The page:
Today marks the fiftieth anniversary of the opening of the Second Vatican Council by Pope John XXIII on October 11, 1962. My service as a member of the Baptist World Alliance delegation to a series of bilateral ecumenical conversations with the Roman Catholic Church held from 2006 through 2010 has given me a deepened appreciation for many aspects of the work of that council and its legacy.
In particular, I’ve come to see that the Catholic Church is not unlike the Baptist tradition in terms of the role that forms of dissent play in the theological development of both traditions (though Catholics do not describe it as “dissent”—more on that distinction later), and that this feature of Vatican II suggests some ways Baptists might see themselves as participants in the ongoing formation of a larger tradition that includes the Catholic Church along with all Christian churches. I’ve also recognized that Baptists even made their own historical contributions to one of the official declarations issued by the Council and thus can arguably claim to have participated indirectly in the formulation of Catholic magisterial teaching, but I’ll save the explanation of that assertion for a future ABPnews Blog post.
While doing research for a paper offering a Baptist perspective on the Vatican II Dogmatic Constitution on Divine Revelation Dei Verbum that I presented to the 2007 meeting of the Baptist-Catholic dialogue in Rome, I discovered that not only the Second Vatican Council but also the sixteenth-century Council of Trent were marked by intra-magisterial divisions and debates that preceded the official approval of their decrees. In both councils there were Catholic voices within the magisterium arguing for rather Baptist-like positions on the normativity of Scripture in relation to the tradition of the church, for example.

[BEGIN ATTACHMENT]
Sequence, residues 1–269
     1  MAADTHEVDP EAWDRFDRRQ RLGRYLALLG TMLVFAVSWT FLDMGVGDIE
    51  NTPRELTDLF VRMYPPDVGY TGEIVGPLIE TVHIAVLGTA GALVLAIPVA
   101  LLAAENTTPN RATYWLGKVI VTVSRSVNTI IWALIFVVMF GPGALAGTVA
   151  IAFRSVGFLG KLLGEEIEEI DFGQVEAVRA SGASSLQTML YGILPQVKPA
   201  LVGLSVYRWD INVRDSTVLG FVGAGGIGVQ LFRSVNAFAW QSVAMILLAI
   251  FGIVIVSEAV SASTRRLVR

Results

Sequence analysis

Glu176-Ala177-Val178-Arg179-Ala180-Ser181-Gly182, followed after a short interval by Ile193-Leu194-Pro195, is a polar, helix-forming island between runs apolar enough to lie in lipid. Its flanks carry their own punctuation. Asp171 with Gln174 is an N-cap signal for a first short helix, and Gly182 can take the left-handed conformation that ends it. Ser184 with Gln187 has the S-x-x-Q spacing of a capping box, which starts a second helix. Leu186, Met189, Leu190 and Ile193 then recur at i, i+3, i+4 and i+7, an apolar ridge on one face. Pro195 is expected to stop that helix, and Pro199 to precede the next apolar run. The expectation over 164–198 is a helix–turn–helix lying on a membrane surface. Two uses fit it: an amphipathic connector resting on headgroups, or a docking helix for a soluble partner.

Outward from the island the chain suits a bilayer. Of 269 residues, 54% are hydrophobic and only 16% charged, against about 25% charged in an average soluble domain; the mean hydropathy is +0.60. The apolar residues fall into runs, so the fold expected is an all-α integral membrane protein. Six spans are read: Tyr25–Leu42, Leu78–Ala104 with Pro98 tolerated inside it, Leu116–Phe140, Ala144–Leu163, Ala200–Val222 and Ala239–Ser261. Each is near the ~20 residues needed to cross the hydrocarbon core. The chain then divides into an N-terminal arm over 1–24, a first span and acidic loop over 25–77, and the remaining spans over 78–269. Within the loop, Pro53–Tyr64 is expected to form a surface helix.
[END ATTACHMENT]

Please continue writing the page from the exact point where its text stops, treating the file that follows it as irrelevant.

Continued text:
In 1546, the bishops assembled for the Council of Trent were deeply divided about the most appropriate Catholic response to the challenge of the Lutheran insistence on “Scripture alone” as the normative authority for faith and practice. There were initially thirty-three votes for a statement of the parity of Scripture and tradition, but there were eleven votes in favor of amending this affirmation with a Latin word suggesting that Scripture and tradition were similar but not equal, plus an additional three votes in favor of a statement that traditions should be regarded with respect but without language declaring their parity with Scripture. As debate continued over proposed revisions, Bishop Giacomo Nacchianti insisted, “To put Scripture and Tradition on the same level is ungodly.” In response to the interjection by another bishop, “Are we ungodly people?”, Nacchianti replied, “Yes, I repeat it! How can I accept the practice of praying eastward with the same reverence as St. John’s gospel?”
While Bishop Nacchianti’s position did not carry the day, in the final text of Trent’s Decree Concerning the Canonical Scriptures language declaring the truth of salvation to be found “partly” in Scripture and “partly” in tradition was dropped in favor of the affirmation that truth is revealed in Scripture and in tradition, but without a parceling out of some truths to Scripture and others to tradition. In retrospect Baptists would readily join the dissenting Catholic position that opposed the equation of the authority of Scripture and tradition, and they would find the nod to the minority in the wording of the final version of the text more amenable than the “partly” in Scripture, “partly” in tradition language that it replaced.